Wisdom: “Your beliefs become your thoughts, Your thoughts become your words, Your words become your actions, Your actions become your habits, Your habits become your values, Your values become your destiny.” — Gandhi
They say ‘life is a journey’, and I feel that’s true. When it comes to health, we all hope it’s with us for the long haul. We don’t get health; we must take small steps each day to either improve it, or avoid losing it. Excepting a catastrophic accident, a disease diagnosis or…um…a global pandemic, I know that if I want health in 10 years, it’s the things I do this year and the next that count.
Thinking back to the values and themes I identified, I approach their accomplishment as a life-long work in progress.
I really understand and accept the value of S.M.A.R.T. goals as outlined in every modern business or self-help book you’ve ever read. The T (Time-bound) is taken care of — these are annual goals after all. But the parts I focus on most is R — ‘realistic’. Making non-realistic pronouncements at the strike of midnight, such as finding the love of your life this year, is exactly why NY resolutions fail at the first sign of some dude ghosting you before deleting you off Tinder.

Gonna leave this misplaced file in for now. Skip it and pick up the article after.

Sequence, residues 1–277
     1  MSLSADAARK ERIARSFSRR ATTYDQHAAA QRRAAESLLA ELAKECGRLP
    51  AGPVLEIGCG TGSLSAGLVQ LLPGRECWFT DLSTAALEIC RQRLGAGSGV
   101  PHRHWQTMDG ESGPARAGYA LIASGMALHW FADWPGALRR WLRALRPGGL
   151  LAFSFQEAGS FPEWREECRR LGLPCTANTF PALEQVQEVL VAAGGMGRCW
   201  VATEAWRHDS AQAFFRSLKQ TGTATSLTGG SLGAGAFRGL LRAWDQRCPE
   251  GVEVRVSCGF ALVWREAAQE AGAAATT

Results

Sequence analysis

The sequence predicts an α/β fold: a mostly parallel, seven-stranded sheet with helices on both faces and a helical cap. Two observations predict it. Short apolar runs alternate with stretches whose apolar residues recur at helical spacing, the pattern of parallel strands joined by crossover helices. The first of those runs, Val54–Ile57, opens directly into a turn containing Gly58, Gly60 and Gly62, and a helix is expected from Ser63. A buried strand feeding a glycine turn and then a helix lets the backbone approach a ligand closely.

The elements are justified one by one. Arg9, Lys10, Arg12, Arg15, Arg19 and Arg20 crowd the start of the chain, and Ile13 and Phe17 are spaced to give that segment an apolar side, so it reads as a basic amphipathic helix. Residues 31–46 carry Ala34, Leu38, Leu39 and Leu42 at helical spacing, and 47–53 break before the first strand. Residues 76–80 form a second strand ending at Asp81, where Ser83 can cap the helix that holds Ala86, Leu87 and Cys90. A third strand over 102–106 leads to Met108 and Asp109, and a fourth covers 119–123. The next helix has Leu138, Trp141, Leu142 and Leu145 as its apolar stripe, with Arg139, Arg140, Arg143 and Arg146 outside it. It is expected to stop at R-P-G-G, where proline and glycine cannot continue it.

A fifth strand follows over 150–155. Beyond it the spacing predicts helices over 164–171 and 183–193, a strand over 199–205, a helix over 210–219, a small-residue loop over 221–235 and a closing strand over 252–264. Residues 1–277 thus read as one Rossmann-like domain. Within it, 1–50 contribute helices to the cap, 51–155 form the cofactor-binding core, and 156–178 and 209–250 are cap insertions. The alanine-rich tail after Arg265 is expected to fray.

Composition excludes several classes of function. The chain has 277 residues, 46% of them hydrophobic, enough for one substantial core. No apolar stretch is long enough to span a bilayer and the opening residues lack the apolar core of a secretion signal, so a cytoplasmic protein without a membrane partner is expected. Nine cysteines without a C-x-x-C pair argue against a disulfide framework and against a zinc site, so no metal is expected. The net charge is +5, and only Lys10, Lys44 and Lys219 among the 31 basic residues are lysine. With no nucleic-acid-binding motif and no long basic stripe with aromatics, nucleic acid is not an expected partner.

Instead, I visualise what I pondered in the review (questions 2 & 4) and come up with 2 or 3 realistic (and sometimes M — measurable) things that would take me closer to that imagined future state.
At this point I don’t worry too much about being S — specific or A — achievable. We’ll get to that bit next.
Wisdom: “We always overestimate the change that will occur in the next two years and underestimate the change that will occur in the next ten. Don’t let yourself be lulled into inaction.” — Bill Gates
4. Monthly challenges, should you choose to accept them
Another reason NY resolutions fail is that we make them once, while we’re in holiday mode, divorced from our everyday lives, and then expect we’ll magically find ourselves in that place by the time Christmas rolls around as if real life doesn’t get in the way and you forgot you swore off Netflix bingeing!
Recently I listened to a podcast that revealed research that backs this up. We need to re-commit regularly to our stated goals. Monthly challenges allow you to dial up or down whether you’re in a position to push yourself and leap forward, or need a re-do if you missed the mark (without waiting till the next New Year’s eve).